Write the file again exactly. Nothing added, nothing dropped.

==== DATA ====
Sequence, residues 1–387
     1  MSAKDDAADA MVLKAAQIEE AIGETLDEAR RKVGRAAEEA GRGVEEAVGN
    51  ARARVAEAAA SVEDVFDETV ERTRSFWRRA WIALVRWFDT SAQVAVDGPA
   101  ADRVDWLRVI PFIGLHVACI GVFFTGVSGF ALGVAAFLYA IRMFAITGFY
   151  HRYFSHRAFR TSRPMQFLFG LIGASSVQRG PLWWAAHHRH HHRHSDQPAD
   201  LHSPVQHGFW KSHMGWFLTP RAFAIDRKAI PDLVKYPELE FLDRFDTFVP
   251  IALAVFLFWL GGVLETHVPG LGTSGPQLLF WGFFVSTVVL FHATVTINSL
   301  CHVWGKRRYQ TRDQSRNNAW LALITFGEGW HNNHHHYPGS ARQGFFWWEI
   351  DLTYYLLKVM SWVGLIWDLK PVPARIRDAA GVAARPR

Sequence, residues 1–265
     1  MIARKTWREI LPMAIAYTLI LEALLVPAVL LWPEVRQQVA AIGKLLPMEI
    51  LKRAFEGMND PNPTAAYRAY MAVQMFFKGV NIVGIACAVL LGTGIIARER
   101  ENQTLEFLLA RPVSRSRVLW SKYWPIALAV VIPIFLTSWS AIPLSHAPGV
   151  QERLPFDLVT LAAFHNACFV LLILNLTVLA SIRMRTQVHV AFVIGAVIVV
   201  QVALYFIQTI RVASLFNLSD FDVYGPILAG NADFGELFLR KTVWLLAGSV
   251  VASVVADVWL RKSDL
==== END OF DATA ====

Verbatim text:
Sequence, residues 1–387
     1  MSAKDDAADA MVLKAAQIEE AIGETLDEAR RKVGRAAEEA GRGVEEAVGN
    51  ARARVAEAAA SVEDVFDETV ERTRSFWRRA WIALVRWFDT SAQVAVDGPA
   101  ADRVDWLRVI PFIGLHVACI GVFFTGVSGF ALGVAAFLYA IRMFAITGFY
   151  HRYFSHRAFR TSRPMQFLFG LIGASSVQRG PLWWAAHHRH HHRHSDQPAD
   201  LHSPVQHGFW KSHMGWFLTP RAFAIDRKAI PDLVKYPELE FLDRFDTFVP
   251  IALAVFLFWL GGVLETHVPG LGTSGPQLLF WGFFVSTVVL FHATVTINSL
   301  CHVWGKRRYQ TRDQSRNNAW LALITFGEGW HNNHHHYPGS ARQGFFWWEI
   351  DLTYYLLKVM SWVGLIWDLK PVPARIRDAA GVAARPR

Sequence, residues 1–265
     1  MIARKTWREI LPMAIAYTLI LEALLVPAVL LWPEVRQQVA AIGKLLPMEI
    51  LKRAFEGMND PNPTAAYRAY MAVQMFFKGV NIVGIACAVL LGTGIIARER
   101  ENQTLEFLLA RPVSRSRVLW SKYWPIALAV VIPIFLTSWS AIPLSHAPGV
   151  QERLPFDLVT LAAFHNACFV LLILNLTVLA SIRMRTQVHV AFVIGAVIVV
   201  QVALYFIQTI RVASLFNLSD FDVYGPILAG NADFGELFLR KTVWLLAGSV
   251  VASVVADVWL RKSDL